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In a recent study published in the Scientific Reports Journal, researchers investigated how the intense summer heat of 2022 affected the sleep patterns of infants and toddlers.

Study: The impact of extreme summer temperatures in the United Kingdom on infant sleep: Implications for learning and development. Image Credit: ArseniiPalivoda/Shutterstock.com


According to the U.S. Global Change Research Program, extreme heat is becoming more frequent and intense worldwide. The significance of sleep for healthy development and growth is often disregarded in scientific studies exploring the effects of climate change on infant health.

The present study addressed this gap in knowledge by investigating the effect of abnormally high temperatures during the summer of 2022 on the sleep patterns of infants by objectively assessing the sleep patterns of infants in their homes using Nanit camera monitors.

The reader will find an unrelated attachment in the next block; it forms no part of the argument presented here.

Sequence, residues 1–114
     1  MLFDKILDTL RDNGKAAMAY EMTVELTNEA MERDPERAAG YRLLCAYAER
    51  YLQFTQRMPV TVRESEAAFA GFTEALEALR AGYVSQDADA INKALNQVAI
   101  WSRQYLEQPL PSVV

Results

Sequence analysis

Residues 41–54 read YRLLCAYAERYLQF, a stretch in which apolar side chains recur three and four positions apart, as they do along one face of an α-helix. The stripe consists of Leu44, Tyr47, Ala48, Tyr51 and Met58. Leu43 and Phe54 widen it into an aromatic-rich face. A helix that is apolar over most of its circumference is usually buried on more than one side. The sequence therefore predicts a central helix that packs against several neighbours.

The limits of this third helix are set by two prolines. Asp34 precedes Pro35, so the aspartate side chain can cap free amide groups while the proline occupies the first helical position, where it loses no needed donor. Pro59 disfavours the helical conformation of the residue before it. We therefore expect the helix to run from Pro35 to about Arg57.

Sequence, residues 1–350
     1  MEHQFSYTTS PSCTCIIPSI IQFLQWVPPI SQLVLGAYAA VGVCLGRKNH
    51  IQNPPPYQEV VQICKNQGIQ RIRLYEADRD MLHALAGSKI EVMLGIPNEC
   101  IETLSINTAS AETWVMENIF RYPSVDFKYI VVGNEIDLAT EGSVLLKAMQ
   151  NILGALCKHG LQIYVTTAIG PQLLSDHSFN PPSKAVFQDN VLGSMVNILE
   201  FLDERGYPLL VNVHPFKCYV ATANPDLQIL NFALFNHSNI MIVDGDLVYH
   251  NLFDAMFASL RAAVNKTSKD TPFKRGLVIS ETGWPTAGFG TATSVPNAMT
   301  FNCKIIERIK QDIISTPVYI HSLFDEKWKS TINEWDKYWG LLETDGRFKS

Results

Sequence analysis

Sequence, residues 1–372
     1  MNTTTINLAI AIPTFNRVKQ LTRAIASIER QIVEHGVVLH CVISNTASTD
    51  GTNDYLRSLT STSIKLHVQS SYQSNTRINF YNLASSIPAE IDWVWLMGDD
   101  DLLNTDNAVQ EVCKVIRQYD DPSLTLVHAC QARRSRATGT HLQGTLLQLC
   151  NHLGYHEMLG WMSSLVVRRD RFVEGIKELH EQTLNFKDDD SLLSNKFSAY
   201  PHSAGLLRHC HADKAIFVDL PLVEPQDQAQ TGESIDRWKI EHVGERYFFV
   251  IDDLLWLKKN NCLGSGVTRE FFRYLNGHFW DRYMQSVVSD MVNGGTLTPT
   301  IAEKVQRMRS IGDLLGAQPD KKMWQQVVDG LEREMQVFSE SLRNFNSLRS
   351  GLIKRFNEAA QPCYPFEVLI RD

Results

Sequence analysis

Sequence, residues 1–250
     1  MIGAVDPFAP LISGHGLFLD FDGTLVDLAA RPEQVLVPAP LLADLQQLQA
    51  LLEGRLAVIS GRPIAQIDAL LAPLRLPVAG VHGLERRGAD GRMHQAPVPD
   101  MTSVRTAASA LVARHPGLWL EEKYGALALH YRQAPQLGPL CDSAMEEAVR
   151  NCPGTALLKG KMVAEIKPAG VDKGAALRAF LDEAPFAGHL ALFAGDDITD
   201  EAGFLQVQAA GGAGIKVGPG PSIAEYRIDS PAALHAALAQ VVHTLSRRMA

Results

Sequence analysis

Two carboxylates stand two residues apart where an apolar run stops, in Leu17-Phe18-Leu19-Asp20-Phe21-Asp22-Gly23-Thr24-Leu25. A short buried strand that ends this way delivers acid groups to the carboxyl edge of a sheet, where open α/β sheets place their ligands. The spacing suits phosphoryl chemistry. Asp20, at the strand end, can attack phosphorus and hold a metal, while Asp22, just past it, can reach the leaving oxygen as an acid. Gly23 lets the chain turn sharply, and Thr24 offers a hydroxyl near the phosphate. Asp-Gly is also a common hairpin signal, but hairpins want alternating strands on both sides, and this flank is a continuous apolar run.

About the study

The study involved the participation of 413 infants' parents. Nanit baby monitor users were invited via email to join a study exploring the correlation between climate change and sleep.

The team evaluated infant sleep using Nanit camera monitors furnished over the infant's crib at home.

Nanit app allows users to define the crib area, enabling the computer vision algorithm to interpret motion trends as sleep or wakefulness. The algorithm also identifies when a parent enters the designated area.

The study examined three metrics: total sleep time (TST), sleep efficiency (SE), and minutes to sleep onset (MSO). The number of night wakings (NW) and parental visits to the crib (visits) were also measured.

The study primarily determined if infants' sleep was affected during the three heat waves in the Summer of 2022. The researchers explored a changepoint assessment on all sleep estimates. The within-subject average of each sleep estimate was utilized over 84 nights without a heatwave. The deviation from each sleep estimate on each night was calculated compared to the within-subject average.